as Texas police departments buckle under the strain of monitoring an ever-growing list of offenders, experts question whether forcing juveniles and low-level offenders to register is a waste of time and resources.That's the irony here - expanding the lifetime sex offender registry to include two-bit pimps or minors who had consensual sex has meant authorities are less likely to effectively supervise more serious sexual predators. That's why for sex offenders, like the general probation population, reducing the number of offenders supervised would actually make the public safer.
With a crowded registry, they say, law enforcement officials spend too much time keeping track of low-risk sex offenders – and not enough zeroing in on the state's most dangerous predators. And there's far more opportunity for error. A Dallas Morning News investigation into the state's sex offender registry found that the database is laden with mistakes – phony or outdated addresses that allow potentially thousands of Texas sex offenders to slip through the cracks.
Don't think a bloated, unreliale database affects supervision? The News checked up on a sample from the sex offender database and found that one in six addresses were bad, and 46% of offenders could not be contacted using the information available to authorities ("Losing track of sex offenders," Oct. 1.):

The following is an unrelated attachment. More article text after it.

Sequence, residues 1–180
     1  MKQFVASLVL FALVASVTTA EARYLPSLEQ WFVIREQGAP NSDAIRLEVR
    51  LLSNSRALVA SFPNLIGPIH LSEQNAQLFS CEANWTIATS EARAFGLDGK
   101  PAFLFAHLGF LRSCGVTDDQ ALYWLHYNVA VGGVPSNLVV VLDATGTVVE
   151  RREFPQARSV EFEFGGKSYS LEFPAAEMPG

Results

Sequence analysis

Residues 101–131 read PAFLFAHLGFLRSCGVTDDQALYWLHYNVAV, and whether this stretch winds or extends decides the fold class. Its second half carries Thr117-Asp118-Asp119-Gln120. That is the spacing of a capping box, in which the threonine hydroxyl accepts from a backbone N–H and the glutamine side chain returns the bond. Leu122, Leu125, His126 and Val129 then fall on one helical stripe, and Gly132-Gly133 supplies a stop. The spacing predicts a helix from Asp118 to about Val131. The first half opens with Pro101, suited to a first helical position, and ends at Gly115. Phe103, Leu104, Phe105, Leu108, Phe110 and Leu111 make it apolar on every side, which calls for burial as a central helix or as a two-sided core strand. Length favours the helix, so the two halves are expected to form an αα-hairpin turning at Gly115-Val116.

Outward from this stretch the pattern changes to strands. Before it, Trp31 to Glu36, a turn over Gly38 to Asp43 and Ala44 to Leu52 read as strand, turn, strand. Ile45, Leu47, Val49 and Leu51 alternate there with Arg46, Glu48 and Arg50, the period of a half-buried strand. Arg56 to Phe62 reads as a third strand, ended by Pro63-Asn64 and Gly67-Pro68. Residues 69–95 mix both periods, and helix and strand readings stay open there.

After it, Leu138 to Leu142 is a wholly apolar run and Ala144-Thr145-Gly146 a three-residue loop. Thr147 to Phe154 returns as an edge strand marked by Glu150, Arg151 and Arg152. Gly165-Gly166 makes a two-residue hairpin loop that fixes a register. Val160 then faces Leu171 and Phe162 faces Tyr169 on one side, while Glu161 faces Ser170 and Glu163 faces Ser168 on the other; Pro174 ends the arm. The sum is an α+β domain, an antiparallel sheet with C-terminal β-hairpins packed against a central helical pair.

The result? Vigilant parents and community groups are relying on faulty or incomplete data to protect themselves. Some homeowners are targeted as sex offenders because their addresses mistakenly appear in the database. And hundreds of the region's sex offenders are avoiding registration or filing false information with law enforcement agencies – some to hide in the crowd, others to re-offend.The sex offender registry is an example of a well-intentioned idea implemented so ham-handededly, so overzealously, that between dispersing limited police resources and conveying a false sense of security to the public, it probably makes Texas less safe. It should be rolled back to include only the most serious, violent predators - that's who the public wants protection from, not the 18 year old who banged a freshman Friday night after the football game.